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  4. ummmm that opening sentence? soooooooooo me!! i keep telling myself that next race will be different. *sigh* someday i'll learn

    and thank you for putting that pic up! it brightened what had been a VERY long monday :)

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  5. I started training for this half marathon in order to make myself run less, if that makes any sense - I tend towards Type A-ism if I don't check myself. It's an exercise in both patience and listening to my body... some days my mind is clamouring for ten miles but my knees are begging for three. Right now it's a fine line between training too little and training too much, but I like to think I'm managing (thank goodness for low-impact cross-training).

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  6. I just did stumble upon your blog and I found this post really interesting. As a very very newbie runner I completely get the wanting to run and train every day.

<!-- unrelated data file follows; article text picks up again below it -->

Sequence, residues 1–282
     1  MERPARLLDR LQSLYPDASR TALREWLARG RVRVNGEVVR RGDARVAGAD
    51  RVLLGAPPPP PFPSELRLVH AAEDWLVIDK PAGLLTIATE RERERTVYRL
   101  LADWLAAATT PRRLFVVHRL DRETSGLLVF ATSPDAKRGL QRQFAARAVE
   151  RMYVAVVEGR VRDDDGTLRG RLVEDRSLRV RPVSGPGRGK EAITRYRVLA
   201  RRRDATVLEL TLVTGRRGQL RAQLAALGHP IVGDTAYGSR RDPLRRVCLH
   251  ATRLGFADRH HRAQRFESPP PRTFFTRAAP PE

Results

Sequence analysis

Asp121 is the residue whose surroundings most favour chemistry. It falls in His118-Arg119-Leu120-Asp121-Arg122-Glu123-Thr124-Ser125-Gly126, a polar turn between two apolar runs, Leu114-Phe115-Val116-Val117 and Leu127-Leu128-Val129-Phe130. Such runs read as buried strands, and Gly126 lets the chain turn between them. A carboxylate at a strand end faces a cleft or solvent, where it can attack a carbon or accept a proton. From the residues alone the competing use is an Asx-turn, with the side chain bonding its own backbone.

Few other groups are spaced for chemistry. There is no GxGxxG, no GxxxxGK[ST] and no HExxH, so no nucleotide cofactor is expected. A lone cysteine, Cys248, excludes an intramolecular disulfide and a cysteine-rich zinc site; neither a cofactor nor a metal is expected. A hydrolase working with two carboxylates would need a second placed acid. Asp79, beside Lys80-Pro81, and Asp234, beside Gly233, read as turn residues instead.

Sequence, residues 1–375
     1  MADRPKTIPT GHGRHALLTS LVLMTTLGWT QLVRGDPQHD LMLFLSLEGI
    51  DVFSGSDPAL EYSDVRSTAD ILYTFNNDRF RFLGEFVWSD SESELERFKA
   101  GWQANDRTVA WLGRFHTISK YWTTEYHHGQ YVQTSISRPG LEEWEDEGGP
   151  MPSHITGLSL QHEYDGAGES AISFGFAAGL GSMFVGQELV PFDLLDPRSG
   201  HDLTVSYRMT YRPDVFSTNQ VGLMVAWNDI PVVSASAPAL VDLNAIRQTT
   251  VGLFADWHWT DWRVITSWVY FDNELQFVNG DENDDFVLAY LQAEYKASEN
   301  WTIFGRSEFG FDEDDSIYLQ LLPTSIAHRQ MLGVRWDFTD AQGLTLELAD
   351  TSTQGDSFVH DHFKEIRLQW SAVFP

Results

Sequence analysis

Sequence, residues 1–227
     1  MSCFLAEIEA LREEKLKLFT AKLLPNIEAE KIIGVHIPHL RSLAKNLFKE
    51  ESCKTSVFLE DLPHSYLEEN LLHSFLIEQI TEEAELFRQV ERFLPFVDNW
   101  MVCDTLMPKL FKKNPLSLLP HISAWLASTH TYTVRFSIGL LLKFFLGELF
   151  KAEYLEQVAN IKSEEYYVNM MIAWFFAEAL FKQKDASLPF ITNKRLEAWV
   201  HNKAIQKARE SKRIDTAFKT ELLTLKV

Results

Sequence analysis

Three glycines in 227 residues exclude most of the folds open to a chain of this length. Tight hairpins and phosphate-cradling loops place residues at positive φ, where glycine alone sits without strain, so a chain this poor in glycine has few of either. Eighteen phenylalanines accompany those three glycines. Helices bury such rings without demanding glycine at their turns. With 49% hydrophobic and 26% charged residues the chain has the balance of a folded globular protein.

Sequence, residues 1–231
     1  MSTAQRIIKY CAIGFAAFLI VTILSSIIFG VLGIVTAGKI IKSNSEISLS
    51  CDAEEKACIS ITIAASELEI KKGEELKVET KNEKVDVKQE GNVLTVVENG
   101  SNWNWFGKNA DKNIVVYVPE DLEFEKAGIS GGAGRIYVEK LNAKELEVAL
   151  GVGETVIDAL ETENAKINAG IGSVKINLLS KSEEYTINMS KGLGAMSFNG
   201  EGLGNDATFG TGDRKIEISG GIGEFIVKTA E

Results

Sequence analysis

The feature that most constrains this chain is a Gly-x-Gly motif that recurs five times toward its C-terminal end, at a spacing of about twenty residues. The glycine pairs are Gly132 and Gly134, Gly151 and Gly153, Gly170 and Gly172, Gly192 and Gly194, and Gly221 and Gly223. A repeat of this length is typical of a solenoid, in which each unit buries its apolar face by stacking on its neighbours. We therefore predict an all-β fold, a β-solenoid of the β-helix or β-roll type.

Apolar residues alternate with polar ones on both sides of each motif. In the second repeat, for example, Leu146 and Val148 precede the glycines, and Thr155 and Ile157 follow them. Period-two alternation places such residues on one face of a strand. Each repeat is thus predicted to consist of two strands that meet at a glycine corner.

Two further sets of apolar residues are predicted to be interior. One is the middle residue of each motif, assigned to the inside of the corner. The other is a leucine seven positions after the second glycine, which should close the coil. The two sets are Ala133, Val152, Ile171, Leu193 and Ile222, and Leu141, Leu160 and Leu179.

Even doing the very basic C25K program which is 3 days a week I find myself either taking to the street or even hoping on the treadmill on the off days to get another extra run in.

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  7. I'm feeling pretty confused about this right now. I don't want to push too hard and leave myself vulnerable to injury, but I know I have to effectively because the marathon I've signed up for just cut their finish time back to 5-1/2 hours. That's kinda scary for this first-timer. It seems there's a fine line between not hard enough and too hard.

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  8. yep, probably training too hard. running my 10th marathon next month and i've somehow convinced myself that i now need to run a full 26.2 for training. it's worked the past few times so hopefully this time is no different.

    it's a delicate balance but somehow we all try to push ourselves just shy of the breaking point. i guess we're just that hardcore!!